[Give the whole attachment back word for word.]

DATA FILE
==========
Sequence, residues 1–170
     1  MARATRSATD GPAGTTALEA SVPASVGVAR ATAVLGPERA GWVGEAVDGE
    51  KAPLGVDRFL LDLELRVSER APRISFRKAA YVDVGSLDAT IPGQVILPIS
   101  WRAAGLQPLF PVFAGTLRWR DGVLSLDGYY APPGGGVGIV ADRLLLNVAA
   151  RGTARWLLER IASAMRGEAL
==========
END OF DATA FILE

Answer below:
Sequence, residues 1–170
     1  MARATRSATD GPAGTTALEA SVPASVGVAR ATAVLGPERA GWVGEAVDGE
    51  KAPLGVDRFL LDLELRVSER APRISFRKAA YVDVGSLDAT IPGQVILPIS
   101  WRAAGLQPLF PVFAGTLRWR DGVLSLDGYY APPGGGVGIV ADRLLLNVAA
   151  RGTARWLLER IASAMRGEAL